Alleged backhoe operator in Maguindanao massacre arrested in North Cotabato

A+
A
A-

Maguindanao provincial Gov. Esmael Mangudadatu looks at mug shots of suspects during a press conference at Camp Crame police headquarters in suburban Quezon city, north of Manila, Philippines on Monday, Nov. 19, 2012. The Philippine Police said they will seek the help of the Moro Islamic Liberation Front, local government leaders and the National Union of Journalists of the Philippines to facilitate the speedy arrest of the 92 remaining at large suspects in the massacre of 57 people in southern Maguindanao province in 2009. Mangudadatu’s wife and relatives were among those killed. AP/Aaron Favila

COTABATO CITY, Philippines – Another suspect in the Maguindanao massacre fell into government hands in a remote village in North Cotabato, the police said.

The suspect, Bong Andal, a Maguindanaon and said to be the operator of the backhoe that dug the common graves of the massacre victims, was cornered in an entrapment operation by the Midsayap police, soldiers from the 40th Infantry Battalion and elements of the Criminal Investigation and Detection Group in the Autonomous Region in Muslim Mindanao at about 10 a.m. Saturday, a report from the Midsayap police said.

Andal was described as an employee of the Maguindanao provincial government and driver of heavy equipment, backhoe included.

Vigilant villagers helped authorities by providing them with information and photos of Andal, who has been living in Barangay Kapinpilan since 2009, the report said.

While he did not resist arrest when presented with three warrants of arrest issued by a Quezon City Court, Andal denied involvement in the massacre, the report added.

He is now under custody of the CIDG-ARMM.
On Friday, another suspect in the massacre was also arrested as he mingled with families and friends of some victims during the 3rd year commemoration of the carnage in Sitio Masalay in Barangay Salamn in Ampatuan, Maguindanao.

Disclaimer: The comments uploaded on this site do not necessarily represent or reflect the views of management and owner of INQUIRER.net. We reserve the right to exclude comments that we deem to be inconsistent with our editorial standards.

  • mangtom

    Arresting suspects doesn’t do any good unless you prosecute them. This justice system is a big joke.

  • http://seo-expert4hire.blogspot.com/ R.Baylon – SEO Specialist

    How long do you need to prosecute them? 3 years? 5 years? 

  • randyaltarejos

    Prosecuting the suspects is only part and parcel of the whole process. When the suspects are meted penalties in the lower courts, they can still file and appeal with the Court of Appeals and then the Supreme Court. Rushing up the case without due process would mean the present administration would declare Martial Law, if only to put all the suspects behind bars for an indefinite period of time.

  • D_BystandeR

    The wife of a UNTV driver Editha Tiamson whose husband, Daniel, was one of the 58 massacre victims was quoted as saying in another news report related to this that she would like the massacre trial to proceed to give priority to the Ampatuans who are known as the masterminds rather than wait for the last suspect to get arrested. For her part she would be contented if she could witness within her lifetime the advance trial and sentencing of the masterminds and the trial of the “small fries” to follow later. She finds it more practical to see the masterminds undergo “extra speedy trial” to see them convicted despite their “billions of money” because she is afraid that according to a “probable estimate” basing on the present standing of the case it will be completed in 20 years. Another desperate prediction says it will take 200 years! And in one gathering where President Noynoy was the main speaker, right on the very day of the third anniversary of the Maguindanao massacre the media people noted that the President failed to mention that horrible Maguindanao massacre even if to mention it just in passing. Could this mean the President has now shown subconsciously that he is powerless to see the completion of the trial of  this Maguindanao massacre within his term as promised by him?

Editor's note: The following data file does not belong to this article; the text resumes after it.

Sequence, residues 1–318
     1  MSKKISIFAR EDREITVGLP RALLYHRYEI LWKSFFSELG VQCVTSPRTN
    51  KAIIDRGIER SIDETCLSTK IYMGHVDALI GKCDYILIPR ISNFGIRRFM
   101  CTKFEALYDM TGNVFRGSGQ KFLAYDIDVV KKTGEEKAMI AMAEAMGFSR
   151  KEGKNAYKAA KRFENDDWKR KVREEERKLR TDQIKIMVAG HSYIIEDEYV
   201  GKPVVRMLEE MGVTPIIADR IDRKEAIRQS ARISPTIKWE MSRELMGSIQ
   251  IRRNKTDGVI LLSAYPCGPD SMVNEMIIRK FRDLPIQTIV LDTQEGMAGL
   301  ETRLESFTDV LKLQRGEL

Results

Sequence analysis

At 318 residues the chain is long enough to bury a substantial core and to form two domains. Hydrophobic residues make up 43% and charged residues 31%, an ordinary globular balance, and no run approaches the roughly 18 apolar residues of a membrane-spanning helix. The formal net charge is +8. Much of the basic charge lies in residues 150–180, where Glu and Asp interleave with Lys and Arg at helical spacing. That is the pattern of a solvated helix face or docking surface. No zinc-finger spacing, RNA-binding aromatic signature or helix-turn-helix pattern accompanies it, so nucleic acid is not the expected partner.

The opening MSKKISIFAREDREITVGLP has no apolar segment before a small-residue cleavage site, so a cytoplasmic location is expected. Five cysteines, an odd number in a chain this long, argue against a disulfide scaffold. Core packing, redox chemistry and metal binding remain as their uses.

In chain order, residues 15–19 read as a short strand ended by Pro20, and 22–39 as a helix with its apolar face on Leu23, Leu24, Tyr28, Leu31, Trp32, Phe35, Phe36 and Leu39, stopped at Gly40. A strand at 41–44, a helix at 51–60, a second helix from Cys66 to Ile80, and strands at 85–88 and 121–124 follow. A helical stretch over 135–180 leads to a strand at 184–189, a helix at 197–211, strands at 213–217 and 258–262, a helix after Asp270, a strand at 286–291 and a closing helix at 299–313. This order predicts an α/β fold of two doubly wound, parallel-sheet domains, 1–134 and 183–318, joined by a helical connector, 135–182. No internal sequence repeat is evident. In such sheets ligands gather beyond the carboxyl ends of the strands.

• Hey_Dudes

    Well. for those blaming our justice system snail pace, why not blame our democracy instead where layers of lawyers whom suspected criminals can pay for their services to screw everything and tying up cases till eternity?  Do you think such criminals will live to see another day if we have a dictatorship police state?  So then, if you want to blame something, put the blame entirely on the kind of government system where we Filipinos continue to abuse.

  • http://profile.yahoo.com/UAKHUCPVNQ3WILNN6IOKRVLVIA Luz del Mundo

    Does anybody have a photo album of the Maguindanao Massacre suspects?  I guess it would greatly help locate them if such is made available on the net. Let’s test cyber-power!!!

  • darsmith

    His arrest (or should I say “coming-out”) after 3 years surely has a purpose.  He have been already coached on what to say in the court which will surely weaken the case against the Ampatuan monsters. 

To subscribe to the Philippine Daily Inquirer newspaper in the Philippines, call +63 2 896-6000 for Metro Manila and Metro Cebu or email your subscription request here.

Factual errors? Contact the Philippine Daily Inquirer's day desk. Believe this article violates journalistic ethics? Contact the Inquirer's Reader's Advocate. Or write The Readers' Advocate:

c/o Philippine Daily Inquirer Chino Roces Avenue corner Yague and Mascardo Streets, Makati City,Metro Manila, Philippines Or fax nos. +63 2 8974793 to 94

editors' picks

advertisement

popular

advertisement

videos